Charleston County has used more than $28 million in federal funding to help thousands of residents pay overdue rent and utilities, but June 21 will be the final day to submit an application.
“All the money we have right now is pretty much spoken for, which is why we are closing applications,” said county spokeswoman Kelsey Barlow. “However, those with eviction orders can still call, and we will try to help them as long as funding is available.”
Renters did not have to be facing eviction in order to apply for help, but they did have to demonstrate financial hardship due to the COVID-19 pandemic.
The county said 3,617 tenants have received help, averaging nearly $8,000.
Most of that money went directly to those tenants’ 715 landlords, while $1.5 million went to their utility companies. Most households that were helped were headed by Black women and had very low incomes, and the average assistance covered more than seven months’ rent.
To apply by the June 21 deadline, Charleston County renters should call 855-452-5374, Monday through Friday from 8:30 am to 4:30 pm The application can be found online at charlestoncounty.org/erap.
The county’s assistance money came from the Emergency Rental Assistance Program. The seven largest counties in the state got the federal funding directly, while the state’s housing finance agency SC Housing ran the assistance program for the remaining 39 counties.
The concept was to help people with moderate to low incomes whose employment may have been interrupted by COVID-19. In most cases money from the ERAP program went directly to landlords and utility companies on behalf of their tenants and customers.
After the June 21 deadline, Charleston County still hopes to help tenants directly facing eviction as long as any money remains. People with an eviction order from a Charleston County magistrate should call 843-202-6974 to learn more.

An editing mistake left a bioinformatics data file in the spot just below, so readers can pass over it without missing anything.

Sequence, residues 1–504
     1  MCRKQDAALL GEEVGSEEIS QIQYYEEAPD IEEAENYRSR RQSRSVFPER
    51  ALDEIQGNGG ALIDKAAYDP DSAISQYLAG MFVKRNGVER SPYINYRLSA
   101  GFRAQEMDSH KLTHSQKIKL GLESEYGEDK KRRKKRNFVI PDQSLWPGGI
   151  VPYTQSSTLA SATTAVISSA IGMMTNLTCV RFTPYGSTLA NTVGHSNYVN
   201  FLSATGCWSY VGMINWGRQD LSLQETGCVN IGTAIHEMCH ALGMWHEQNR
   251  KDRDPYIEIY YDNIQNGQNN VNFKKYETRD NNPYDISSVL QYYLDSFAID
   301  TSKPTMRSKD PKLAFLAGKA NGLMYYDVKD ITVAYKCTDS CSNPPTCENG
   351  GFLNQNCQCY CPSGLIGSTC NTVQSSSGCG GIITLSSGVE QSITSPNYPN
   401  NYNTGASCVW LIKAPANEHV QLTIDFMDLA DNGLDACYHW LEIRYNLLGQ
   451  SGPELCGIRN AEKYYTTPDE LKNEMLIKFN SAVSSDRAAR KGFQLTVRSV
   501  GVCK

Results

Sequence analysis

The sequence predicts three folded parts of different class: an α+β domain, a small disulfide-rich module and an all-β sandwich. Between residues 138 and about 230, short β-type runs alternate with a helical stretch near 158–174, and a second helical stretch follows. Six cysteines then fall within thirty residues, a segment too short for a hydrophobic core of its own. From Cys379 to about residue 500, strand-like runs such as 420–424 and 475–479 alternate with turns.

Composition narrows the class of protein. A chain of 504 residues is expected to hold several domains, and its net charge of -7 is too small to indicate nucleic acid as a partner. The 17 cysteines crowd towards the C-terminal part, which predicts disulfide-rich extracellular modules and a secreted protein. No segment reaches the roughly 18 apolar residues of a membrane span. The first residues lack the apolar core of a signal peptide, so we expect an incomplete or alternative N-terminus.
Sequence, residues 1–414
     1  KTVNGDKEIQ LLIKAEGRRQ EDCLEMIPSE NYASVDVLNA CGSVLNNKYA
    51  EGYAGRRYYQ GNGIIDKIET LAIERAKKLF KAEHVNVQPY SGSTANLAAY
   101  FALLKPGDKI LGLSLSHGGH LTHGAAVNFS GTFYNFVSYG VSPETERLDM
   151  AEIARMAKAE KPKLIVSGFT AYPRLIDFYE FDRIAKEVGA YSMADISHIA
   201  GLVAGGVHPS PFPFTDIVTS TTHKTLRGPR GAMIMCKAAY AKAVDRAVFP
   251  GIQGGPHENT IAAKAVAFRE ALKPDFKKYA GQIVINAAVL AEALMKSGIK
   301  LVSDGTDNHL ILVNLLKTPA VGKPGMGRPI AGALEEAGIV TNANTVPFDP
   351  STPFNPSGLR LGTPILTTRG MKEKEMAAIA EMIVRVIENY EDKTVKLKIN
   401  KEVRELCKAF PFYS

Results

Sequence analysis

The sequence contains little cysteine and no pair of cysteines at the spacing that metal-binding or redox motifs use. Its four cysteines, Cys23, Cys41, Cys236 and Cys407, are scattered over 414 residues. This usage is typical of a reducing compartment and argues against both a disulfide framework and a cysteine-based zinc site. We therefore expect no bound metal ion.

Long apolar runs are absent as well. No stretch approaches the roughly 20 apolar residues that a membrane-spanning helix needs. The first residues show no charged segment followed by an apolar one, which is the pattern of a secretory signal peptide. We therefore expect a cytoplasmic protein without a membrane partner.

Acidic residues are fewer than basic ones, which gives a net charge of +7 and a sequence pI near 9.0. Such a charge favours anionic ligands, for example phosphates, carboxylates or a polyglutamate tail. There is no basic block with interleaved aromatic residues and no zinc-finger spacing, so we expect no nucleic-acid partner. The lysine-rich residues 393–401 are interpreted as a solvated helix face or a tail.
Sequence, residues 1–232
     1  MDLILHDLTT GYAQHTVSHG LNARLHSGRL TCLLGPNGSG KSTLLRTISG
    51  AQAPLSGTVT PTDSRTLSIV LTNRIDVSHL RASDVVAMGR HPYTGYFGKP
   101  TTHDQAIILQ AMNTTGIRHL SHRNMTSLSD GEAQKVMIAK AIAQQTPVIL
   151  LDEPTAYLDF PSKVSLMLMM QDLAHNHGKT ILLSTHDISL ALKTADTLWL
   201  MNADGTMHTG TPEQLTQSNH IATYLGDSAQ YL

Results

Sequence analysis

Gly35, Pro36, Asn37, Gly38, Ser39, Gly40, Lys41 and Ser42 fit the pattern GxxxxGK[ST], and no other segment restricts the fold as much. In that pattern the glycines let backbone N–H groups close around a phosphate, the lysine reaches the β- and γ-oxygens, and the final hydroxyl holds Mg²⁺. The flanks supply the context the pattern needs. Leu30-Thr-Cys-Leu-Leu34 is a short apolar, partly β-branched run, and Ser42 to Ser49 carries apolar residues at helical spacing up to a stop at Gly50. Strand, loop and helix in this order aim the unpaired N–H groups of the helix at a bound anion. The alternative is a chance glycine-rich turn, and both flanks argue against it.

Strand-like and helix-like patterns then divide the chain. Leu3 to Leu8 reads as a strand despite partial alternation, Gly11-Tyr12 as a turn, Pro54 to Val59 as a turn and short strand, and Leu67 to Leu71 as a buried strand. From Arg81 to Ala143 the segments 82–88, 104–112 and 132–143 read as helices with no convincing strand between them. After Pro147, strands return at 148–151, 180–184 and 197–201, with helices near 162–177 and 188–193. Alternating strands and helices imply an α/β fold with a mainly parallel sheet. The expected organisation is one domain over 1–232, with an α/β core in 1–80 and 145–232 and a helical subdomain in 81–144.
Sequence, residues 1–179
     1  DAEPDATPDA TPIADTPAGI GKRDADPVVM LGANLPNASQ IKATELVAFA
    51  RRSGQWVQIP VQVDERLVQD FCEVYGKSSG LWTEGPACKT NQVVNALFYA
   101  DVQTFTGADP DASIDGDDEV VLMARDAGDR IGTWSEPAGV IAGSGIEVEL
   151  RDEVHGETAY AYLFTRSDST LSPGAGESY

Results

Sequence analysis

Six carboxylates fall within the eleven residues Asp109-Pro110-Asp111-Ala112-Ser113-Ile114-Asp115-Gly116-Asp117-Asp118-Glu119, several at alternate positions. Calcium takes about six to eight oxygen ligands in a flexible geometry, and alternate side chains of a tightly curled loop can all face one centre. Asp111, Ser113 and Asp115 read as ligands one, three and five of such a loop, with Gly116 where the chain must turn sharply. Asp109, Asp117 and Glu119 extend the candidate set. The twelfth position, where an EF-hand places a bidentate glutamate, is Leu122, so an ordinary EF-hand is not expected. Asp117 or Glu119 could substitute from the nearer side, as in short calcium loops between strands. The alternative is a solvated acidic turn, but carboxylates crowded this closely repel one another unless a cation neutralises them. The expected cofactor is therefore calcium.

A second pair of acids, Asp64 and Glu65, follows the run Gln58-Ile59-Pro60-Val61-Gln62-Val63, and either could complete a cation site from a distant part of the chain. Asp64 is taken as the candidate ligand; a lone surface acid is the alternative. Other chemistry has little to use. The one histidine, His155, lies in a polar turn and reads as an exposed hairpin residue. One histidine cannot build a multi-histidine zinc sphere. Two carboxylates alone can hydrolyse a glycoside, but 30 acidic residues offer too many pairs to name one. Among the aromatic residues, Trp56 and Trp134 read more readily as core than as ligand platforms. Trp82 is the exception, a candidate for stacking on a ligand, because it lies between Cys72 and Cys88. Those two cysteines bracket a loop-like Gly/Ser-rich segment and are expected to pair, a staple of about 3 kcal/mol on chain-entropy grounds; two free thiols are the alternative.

“The purpose is to help as many people as we can, if we can,” Barlow said.
Charleston and Richland counties have been credited with running effective outreach programs to connect residents with the funding, and both counties received additional money — reallocated from SC Housing — after spending all of their direct federal funds.
Charleston County, for example, made extensive use of it’s network of public libraries to run outreach efforts and provide in-person help to applicants. SC Housing later “copied the things they did to connect with applicants” said spokesman Chris Winston.
Because of the way the program was structured, residents of counties that received direct funding cannot apply with SC Housing if their county runs out of money. Those seven counties are Anderson, Berkeley, Charleston, Greenville, Horry, Richland and Spartanburg.
Some counties sought and received extra funds when their initial round ran out, while one county — Berkeley — decided in late January to not seek additional money for the program one councilman referred to as a “gravy train.”
Unlike Charleston County, SC Housing still has lots of funding remaining for the 39 counties that didn’t run their own programs. Residents of those counties can phone SC Housing’s call center at 800-476-0412.
Winston said SC Housing has so far helped more than 39,000 renters, and distributed more than $160 million to landlords and utility companies.
Reach David Slade at 843-937-5552. Follow him on Twitter @DSladeNews.